Economic liberalisation and employment in South Asia

Economic liberalisation and employment in South Asia

Mixed news on impacts, and recommendations for new programmes

Examines the impact on employment growth (total, agriculture, industry), unemployment, real wages, wage inequalities between skilled and unskilled workers, women’s employment and child labour. It also analyses whether labour rigidities have affected the employment growth in South Asian countries. The evidence presented in the paper shows that the impact of economic liberalisation on employment and labour income has not been as bad as that for Sub-Saharan Africa or Latin American countries. On the other hand, it has not been as favourable as in some of the East Asian countries.

Main findings include

  • GDP growth seems to be slightly higher after liberalisation except in Pakistan
  • The impact of external sector liberalisation may not be insignificant in South Asia as exports and imports rose faster than GDP in the region as compared to those for Sub-Saharan Africa and Latin America
  • The share of informal sector increased particularly for services in India
  • The rate of growth in private sector employment increased faster than in the public sector. The share of private sector in total capital formation in India increased significantly after liberalisation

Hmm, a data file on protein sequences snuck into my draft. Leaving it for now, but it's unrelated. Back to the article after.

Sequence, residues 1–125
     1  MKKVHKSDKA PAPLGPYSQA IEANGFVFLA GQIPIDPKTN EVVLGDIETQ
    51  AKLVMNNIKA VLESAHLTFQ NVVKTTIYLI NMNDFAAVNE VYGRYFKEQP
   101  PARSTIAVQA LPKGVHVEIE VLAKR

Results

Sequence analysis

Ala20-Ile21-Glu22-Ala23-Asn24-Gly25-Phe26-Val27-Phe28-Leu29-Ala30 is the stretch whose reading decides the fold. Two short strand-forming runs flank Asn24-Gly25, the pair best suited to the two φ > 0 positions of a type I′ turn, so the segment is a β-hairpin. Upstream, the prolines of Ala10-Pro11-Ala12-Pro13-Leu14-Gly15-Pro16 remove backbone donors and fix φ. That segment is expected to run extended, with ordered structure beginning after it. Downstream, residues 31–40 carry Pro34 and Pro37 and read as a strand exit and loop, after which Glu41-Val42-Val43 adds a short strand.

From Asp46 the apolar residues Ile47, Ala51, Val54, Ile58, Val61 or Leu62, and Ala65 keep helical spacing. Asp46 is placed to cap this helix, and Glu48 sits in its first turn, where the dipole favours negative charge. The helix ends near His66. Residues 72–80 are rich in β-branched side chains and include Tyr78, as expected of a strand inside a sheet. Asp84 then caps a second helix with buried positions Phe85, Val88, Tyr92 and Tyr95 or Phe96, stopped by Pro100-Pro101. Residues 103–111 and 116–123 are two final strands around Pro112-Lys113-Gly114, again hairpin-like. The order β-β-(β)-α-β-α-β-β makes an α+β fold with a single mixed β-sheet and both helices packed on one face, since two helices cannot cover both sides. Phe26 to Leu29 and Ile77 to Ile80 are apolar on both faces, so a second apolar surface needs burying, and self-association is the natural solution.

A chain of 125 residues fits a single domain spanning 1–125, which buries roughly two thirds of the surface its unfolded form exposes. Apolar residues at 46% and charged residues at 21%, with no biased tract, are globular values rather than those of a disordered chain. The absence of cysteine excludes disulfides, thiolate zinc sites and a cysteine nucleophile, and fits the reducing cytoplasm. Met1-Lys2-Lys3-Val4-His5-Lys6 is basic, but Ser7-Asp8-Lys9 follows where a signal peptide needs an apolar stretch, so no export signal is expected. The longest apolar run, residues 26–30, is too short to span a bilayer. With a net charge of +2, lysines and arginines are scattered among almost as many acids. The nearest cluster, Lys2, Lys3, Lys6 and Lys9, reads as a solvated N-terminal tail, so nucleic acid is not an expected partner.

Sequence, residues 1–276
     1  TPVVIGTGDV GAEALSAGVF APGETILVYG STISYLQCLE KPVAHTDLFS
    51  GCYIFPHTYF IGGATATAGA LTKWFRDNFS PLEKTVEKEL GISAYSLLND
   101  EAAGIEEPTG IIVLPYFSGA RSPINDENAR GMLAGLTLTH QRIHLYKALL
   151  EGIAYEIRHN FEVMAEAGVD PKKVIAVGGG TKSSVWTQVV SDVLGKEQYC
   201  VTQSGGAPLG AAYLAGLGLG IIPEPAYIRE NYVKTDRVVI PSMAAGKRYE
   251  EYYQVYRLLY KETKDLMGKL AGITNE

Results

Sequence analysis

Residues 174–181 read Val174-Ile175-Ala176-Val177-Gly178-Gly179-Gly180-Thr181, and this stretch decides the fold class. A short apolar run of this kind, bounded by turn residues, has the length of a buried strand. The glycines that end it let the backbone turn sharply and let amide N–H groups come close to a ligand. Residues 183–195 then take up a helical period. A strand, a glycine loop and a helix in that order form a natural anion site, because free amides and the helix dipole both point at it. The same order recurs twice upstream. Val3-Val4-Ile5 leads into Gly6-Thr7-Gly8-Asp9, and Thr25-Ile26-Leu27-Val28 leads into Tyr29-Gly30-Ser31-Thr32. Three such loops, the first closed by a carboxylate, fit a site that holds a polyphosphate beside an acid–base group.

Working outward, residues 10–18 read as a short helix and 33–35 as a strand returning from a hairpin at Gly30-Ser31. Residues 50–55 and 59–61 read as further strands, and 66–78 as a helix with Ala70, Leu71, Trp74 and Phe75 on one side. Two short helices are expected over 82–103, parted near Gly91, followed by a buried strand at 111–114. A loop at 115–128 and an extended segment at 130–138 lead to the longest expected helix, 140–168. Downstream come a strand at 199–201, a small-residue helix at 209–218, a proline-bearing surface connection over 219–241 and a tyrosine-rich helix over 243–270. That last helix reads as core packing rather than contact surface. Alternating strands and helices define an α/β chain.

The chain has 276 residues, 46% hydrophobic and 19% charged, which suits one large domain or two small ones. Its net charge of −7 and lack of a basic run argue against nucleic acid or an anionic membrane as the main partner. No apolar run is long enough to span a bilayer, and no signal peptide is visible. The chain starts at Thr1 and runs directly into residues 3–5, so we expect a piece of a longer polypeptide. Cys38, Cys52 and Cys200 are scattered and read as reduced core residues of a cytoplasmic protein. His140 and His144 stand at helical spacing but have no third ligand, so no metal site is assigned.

• There was jobless growth for 1980s in the manufacturing sector for South Asia. The manufacturing sector showed higher growth in the 1990s for India. Micro surveys show some concern regarding retrenchment of workers in manufacturing employment
  • Unemployment rates showed a mixed picture. It declined for India and Sri Lanka while it rose in Pakistan, Bangladesh and Nepal
  • Incidence of poverty by workers in India shows that it declined for all workers but the rate of decline was lower for casual workers
  • Real wage growth for agricultural labourers was lower after liberalisation
  • Inequalities in income and consumption increased in most of the countries in the post-liberalisation period. The results from CGE models also show that inequalities increased
  • Women’s participation increased but it is not clear whether they are better off in terms of work load and income. Child labour declined at macro level. One may have to go beyond poverty in explaining the variations in child labour

The paper concludes that the future scenario of employment shows that a lot of effort is needed for South Asian countries in order to have more productive employment and higher labour incomes. There is a need to have investment led growth strategy. Investment is needed by both public and private sectors to increase physical infrastructure.

More attention should be given to institutions, and governance. There is also need for having strategies reduce inequalities (e.g. land reforms) and increase labour intensity. Thus, the second generation of economic reforms, inter alia, should consider strategies that raise investment in physical and human capital, institutions and governance and reduction in inequalities [author]

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